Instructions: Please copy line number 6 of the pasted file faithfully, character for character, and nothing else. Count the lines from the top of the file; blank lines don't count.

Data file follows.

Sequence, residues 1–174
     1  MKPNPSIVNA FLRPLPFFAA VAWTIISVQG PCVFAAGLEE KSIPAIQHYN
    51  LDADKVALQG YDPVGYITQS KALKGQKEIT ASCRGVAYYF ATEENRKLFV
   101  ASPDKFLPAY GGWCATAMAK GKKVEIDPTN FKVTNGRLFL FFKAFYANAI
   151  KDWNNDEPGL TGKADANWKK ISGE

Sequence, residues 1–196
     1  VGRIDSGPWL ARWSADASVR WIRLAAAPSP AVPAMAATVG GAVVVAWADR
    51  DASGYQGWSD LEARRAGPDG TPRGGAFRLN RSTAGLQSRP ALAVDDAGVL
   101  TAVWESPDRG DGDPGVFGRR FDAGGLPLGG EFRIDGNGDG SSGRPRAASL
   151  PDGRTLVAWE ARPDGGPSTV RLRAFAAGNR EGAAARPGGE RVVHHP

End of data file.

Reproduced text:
Sequence, residues 1–196